A candid tale of 20-something humanness and extended note to self.

Wednesday, 24 May 2017

In the dark


They say you should write the thing that you are most scared of writing, because it matters. And what I've learnt, from the best, is that if you open yourself up to people: say or write the words aloud, you might become braver. And perhaps you might make other people braver too. Or at least less alone, which is, at times like this, everything.

I have a good life, for the most part. I have wonderful, kind-hearted, loyal, funny, crisps-and-wine-at-mine? kind of friends: people I've loved, and who have loved me, for years and years and years. I have a job at a hospice that brings my life so much meaning and purpose: a 9-5, yes, but one that teaches me and challenges me and makes me laugh and cry and think more deeply about the things that really matter. I have passions too, for the most part: my job being one of them, but also writing and reading and cooking, and exercising and sitting by the sea, and throwing a purple stuffed dinosaur for my dog. I have a lovely home. Beautiful countryside on the doorstep. A stack of old records, and candles that smell delicious when I blow them out. I have an email, in my inbox, from a commissioning editor at one of the biggest publishing houses in the world, asking for the submission of the book she fiercely believes in. It is the email I have dreamt about receiving for my whole life: the opportunity that might be lost. If.

I'm frustrated, because what do I have to be sad about right now? There are so many horrific things happening to others, and yet I've been waking up when my alarm goes off and snoozing it for as long as possible because honestly, I haven't wanted to get up. The sleep is my solace. Getting showered and dressed takes the little energy that I have, and so sometimes once I've done those things I take a nap, and that frustrates me too. I'm working, still, but the passion, once described as infectious, doesn't come like it did. I talk far less than before, and sometimes they ask, 'are you alright today?' and I look them in the eye and lie to them, telling them I'm fine or muttering something about a headache. I can't concentrate for long enough to lose myself in the book, and I can't motivate myself to do the exercise I'm so in need of. Dull skin. Half a stone where there wasn't. I have nothing, at all, really, to offer the people I love the most in the world, because fulfilling my basic needs, putting one foot in front of the other, is just about all that I can manage.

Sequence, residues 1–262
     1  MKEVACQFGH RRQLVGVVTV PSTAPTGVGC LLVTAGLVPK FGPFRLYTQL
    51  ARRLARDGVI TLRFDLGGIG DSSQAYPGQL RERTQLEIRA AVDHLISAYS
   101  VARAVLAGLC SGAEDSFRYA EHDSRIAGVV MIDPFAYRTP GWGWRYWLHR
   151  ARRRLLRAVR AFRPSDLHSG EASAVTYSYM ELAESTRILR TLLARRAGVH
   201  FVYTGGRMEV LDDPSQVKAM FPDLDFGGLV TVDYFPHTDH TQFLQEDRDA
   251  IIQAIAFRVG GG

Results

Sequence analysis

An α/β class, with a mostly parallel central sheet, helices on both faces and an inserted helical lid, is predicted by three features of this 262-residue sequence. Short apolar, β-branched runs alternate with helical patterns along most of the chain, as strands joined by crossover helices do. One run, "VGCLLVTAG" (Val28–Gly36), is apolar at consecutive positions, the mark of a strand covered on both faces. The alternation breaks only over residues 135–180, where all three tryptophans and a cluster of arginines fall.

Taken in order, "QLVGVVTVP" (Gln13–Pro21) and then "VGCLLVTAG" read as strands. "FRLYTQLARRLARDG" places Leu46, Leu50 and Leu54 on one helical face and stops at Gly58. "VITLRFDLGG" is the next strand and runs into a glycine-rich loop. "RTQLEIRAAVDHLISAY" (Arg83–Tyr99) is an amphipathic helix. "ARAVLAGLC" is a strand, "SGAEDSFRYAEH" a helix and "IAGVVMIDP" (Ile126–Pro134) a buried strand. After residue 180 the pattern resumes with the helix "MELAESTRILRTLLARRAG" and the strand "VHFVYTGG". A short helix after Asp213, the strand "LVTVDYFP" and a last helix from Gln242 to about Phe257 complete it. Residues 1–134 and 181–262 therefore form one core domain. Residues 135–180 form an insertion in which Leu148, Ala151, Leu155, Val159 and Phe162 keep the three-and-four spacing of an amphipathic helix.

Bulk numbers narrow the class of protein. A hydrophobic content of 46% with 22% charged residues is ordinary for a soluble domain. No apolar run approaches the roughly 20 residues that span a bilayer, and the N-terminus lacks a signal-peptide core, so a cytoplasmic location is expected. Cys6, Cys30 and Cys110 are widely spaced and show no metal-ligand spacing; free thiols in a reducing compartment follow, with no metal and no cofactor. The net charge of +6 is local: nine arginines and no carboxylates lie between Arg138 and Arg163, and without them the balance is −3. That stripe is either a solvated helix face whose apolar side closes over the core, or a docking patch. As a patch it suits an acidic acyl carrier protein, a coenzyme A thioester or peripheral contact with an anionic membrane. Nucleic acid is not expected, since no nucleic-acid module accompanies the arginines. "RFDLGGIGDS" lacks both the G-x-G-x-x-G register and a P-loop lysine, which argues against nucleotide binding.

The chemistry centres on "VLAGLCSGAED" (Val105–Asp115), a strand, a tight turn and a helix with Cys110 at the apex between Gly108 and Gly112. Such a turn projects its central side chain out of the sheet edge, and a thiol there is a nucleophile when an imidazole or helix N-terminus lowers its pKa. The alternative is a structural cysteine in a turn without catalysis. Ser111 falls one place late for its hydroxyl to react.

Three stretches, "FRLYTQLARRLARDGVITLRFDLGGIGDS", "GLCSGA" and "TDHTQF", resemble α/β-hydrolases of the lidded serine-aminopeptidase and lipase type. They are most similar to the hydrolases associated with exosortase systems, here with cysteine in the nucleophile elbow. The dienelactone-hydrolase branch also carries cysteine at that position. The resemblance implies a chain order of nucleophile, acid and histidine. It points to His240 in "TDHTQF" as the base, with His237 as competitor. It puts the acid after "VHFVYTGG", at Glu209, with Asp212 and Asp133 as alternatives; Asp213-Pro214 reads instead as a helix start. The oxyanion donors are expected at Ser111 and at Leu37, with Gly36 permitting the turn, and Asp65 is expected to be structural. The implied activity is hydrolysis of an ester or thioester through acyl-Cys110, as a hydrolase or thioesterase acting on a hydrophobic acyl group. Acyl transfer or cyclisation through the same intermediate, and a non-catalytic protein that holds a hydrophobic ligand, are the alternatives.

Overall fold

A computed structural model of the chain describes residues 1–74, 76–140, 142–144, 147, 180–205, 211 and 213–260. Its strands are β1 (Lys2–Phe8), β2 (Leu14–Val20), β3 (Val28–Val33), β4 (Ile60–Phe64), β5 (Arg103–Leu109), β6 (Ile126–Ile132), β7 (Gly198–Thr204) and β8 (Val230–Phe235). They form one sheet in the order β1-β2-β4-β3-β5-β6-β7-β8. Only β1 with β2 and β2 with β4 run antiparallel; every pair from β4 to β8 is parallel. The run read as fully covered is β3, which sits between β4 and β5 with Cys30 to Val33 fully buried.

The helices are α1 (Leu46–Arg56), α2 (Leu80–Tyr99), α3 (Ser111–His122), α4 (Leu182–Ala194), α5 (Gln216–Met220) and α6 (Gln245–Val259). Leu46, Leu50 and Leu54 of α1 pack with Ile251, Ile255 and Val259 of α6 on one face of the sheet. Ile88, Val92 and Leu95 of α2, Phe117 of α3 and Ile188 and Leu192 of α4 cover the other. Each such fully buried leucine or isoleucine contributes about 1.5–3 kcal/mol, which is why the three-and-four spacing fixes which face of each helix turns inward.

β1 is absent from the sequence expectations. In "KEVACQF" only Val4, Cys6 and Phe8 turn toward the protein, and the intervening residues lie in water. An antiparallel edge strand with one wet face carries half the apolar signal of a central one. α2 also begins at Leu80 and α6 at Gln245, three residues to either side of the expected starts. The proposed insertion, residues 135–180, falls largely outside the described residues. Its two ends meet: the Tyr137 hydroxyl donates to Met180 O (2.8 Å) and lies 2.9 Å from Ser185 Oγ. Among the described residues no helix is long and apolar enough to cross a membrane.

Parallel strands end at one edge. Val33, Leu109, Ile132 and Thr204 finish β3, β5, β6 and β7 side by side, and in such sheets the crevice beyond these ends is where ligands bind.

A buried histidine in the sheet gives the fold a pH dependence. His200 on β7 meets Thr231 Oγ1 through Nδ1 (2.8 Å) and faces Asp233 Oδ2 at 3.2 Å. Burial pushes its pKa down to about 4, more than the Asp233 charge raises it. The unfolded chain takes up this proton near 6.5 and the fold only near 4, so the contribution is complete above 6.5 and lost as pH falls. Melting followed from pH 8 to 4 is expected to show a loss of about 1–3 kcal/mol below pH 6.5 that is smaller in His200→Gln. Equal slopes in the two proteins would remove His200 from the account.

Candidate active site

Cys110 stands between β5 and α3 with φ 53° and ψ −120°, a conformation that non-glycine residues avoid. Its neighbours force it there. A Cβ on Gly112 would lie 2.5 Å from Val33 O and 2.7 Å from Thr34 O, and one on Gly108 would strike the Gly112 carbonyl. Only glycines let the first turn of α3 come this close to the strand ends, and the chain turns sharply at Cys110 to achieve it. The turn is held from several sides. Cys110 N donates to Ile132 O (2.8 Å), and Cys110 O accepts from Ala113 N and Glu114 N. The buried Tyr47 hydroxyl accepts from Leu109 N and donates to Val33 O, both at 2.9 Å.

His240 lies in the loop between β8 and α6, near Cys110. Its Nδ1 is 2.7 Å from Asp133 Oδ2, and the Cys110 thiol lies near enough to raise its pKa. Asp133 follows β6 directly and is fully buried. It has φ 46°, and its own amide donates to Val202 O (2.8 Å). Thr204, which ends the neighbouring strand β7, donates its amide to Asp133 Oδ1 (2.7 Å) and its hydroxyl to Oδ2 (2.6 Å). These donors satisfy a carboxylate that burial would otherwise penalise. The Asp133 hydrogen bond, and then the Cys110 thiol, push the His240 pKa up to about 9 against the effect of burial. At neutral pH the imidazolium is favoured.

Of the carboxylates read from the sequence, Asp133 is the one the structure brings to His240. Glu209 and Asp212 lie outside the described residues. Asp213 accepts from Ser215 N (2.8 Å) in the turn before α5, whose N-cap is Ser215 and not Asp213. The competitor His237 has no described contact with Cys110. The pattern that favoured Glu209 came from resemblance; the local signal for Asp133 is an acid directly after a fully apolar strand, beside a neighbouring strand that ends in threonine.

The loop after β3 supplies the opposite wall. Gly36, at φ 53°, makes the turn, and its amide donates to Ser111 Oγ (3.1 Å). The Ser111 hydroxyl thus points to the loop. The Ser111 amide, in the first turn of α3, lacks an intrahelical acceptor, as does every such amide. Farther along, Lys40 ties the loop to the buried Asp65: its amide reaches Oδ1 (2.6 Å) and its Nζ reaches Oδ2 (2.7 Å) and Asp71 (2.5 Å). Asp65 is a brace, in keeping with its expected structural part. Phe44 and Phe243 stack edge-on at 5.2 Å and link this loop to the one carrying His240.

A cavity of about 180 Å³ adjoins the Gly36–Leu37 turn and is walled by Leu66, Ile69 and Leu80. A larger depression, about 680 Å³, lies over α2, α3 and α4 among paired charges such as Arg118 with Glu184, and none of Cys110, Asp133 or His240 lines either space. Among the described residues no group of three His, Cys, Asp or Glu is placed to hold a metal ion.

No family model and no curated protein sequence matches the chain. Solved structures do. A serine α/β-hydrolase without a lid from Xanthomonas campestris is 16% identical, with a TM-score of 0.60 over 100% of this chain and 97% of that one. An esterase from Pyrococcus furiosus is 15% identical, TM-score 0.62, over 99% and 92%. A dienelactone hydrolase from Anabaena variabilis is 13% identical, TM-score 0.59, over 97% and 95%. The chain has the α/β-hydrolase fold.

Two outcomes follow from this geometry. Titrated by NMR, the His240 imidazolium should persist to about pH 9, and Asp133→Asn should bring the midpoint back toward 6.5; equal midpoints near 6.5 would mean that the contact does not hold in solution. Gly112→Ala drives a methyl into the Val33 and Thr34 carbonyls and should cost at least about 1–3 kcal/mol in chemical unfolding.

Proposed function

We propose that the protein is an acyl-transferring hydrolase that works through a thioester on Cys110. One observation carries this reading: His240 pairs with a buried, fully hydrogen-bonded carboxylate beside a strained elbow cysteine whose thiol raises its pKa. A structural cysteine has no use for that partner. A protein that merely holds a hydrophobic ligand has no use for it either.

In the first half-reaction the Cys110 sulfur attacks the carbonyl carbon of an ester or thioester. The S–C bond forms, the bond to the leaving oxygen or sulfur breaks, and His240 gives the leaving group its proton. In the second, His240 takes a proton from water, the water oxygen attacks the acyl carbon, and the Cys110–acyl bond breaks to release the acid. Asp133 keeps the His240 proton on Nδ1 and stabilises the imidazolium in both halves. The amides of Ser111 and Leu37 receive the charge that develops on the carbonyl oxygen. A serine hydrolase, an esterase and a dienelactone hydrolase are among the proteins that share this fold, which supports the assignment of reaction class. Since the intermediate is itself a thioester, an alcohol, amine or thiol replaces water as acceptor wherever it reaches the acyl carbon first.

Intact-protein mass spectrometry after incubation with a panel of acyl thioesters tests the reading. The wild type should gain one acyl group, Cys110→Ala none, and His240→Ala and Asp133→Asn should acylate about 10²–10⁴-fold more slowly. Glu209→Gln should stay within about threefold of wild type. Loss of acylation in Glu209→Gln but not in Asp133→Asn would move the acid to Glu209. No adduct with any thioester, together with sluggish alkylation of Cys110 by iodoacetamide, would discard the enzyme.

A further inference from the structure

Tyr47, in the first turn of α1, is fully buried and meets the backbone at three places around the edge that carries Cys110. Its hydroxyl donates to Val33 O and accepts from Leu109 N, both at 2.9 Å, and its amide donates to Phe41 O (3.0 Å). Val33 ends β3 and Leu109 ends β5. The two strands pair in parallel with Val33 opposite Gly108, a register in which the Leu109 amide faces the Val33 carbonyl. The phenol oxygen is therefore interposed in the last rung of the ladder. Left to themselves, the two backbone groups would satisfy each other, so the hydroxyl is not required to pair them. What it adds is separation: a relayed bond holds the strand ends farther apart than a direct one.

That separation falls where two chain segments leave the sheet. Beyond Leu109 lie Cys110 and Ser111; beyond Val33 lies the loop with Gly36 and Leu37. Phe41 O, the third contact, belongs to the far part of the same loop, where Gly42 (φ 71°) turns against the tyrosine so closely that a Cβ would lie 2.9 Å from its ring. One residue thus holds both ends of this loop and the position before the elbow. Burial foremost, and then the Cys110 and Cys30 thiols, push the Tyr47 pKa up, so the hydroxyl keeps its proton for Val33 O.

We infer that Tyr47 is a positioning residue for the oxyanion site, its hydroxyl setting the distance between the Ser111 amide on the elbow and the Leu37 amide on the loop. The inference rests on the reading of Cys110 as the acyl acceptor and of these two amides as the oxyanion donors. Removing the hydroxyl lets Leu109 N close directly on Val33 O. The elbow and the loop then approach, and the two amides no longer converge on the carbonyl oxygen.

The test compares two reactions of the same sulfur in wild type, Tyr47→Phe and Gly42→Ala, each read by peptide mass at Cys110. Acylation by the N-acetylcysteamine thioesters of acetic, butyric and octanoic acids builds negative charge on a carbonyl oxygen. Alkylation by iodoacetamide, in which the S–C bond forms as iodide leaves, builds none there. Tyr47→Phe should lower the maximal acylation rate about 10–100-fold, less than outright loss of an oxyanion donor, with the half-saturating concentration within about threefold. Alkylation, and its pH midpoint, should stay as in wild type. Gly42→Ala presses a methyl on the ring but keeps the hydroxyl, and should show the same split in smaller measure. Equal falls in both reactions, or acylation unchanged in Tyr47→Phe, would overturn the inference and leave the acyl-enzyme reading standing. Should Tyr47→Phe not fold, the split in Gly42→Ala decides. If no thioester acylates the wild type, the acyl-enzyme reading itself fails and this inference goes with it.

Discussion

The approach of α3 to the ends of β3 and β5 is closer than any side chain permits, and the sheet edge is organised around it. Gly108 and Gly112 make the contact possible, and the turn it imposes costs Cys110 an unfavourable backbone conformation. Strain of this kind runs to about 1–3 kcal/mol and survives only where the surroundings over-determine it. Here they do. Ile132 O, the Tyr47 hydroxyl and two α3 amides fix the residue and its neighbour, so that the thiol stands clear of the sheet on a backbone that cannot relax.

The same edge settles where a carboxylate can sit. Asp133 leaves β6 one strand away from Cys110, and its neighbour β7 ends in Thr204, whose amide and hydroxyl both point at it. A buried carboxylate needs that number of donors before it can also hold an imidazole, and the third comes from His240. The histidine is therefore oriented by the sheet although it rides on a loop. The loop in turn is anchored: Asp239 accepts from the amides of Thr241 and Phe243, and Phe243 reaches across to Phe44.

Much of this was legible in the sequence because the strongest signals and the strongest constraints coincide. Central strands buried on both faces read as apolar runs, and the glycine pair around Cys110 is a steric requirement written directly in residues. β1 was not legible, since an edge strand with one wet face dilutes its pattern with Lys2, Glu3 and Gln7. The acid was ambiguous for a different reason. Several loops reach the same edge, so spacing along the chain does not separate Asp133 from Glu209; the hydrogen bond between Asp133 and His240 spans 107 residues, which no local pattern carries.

I might see the doctor later in the week, and she'll look at me with that gentle, sympathetic smile, and tell me all of the things I'm forgetting in the thick of it: that we're all a little vulnerable, and to feel this way does not make you less of a person, and that recognising you need help, and asking for it, shows the kind of courage that will pull you out of the hole. Those are the things that I need to hear, and I'll feel a little better for it.

I'll try, somehow, to be kinder to myself: to practice one of the things I preach the most: that you should treat yourself as you would a friend. I'll force myself to do one productive thing, maybe one more on top of that, and I'll do my best not to berate myself for the naps if I need them, because, well, this shit is exhausting. That's just how it is.

I'll make sure I take a walk in the sun every day, just like my friend told me to, and if -when- I can, I'll do the workout. Five minutes. Ten. Something is always better than nothing. I'll focus on the little things that remain beautiful when so much doesn't: how the sun bleeds across the horizon, and the laughter that fills the room when we're all together eating fish and chips, and how, in spite of it all, he shows me love.

I'll remember that this is not the first time I've been in the dark, and I'll tell myself that I will build an empire out of the ashes again, and that this time the foundations will be more resilient. I'll learn that my fear does not narrate my reality. The fear says it won't get better. It will. 

I will feel it again: that elusive thing, and I will step back into myself, the me that they miss: the me that I miss. There is laughter within me that will burst out and bounce off walls, and there are conversations I haven't had yet that will spark my soul, and tender moments where it is me and him and entwined fingertips, and all will be right in the world. There will be light where there isn't. 

It's humanness, that's all it is, and it's okay. I'll try to remember that. Just a small part of all parts. A part that can break and break and break. That I will fix, and fix, and fix.
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